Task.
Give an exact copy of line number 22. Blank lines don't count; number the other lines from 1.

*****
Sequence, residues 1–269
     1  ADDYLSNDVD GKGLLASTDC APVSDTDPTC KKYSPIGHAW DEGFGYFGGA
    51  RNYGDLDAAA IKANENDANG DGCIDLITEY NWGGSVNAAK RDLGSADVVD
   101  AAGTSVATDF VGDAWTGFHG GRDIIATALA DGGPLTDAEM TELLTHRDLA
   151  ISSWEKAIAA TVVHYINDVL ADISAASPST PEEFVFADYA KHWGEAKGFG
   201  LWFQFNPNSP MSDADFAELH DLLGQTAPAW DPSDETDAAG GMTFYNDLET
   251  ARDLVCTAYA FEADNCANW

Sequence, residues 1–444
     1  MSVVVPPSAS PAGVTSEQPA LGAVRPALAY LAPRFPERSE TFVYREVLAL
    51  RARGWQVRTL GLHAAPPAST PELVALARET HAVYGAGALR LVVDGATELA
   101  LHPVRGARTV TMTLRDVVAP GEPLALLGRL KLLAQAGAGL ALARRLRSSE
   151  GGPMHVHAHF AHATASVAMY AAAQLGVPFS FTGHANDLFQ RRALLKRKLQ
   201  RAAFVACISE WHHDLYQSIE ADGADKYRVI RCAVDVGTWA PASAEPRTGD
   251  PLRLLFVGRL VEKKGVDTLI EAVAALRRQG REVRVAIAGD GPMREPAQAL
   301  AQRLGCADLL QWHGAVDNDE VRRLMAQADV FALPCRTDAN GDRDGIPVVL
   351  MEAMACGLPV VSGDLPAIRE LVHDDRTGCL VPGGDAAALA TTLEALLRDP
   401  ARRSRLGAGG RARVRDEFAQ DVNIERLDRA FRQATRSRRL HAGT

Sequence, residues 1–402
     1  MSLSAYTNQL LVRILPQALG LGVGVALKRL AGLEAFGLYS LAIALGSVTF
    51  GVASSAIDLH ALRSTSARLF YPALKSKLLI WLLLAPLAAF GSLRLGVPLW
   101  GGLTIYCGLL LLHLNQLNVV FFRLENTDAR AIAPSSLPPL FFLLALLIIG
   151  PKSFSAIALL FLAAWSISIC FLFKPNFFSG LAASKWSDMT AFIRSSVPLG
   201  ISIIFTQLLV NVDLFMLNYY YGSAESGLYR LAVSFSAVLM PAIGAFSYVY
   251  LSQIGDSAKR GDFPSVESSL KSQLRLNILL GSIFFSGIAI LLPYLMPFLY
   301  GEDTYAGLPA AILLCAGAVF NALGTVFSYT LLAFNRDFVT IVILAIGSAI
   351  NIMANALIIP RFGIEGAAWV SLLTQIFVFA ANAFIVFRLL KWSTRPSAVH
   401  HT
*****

   151  PKSFSAIALL FLAAWSISIC FLFKPNFFSG LAASKWSDMT AFIRSSVPLG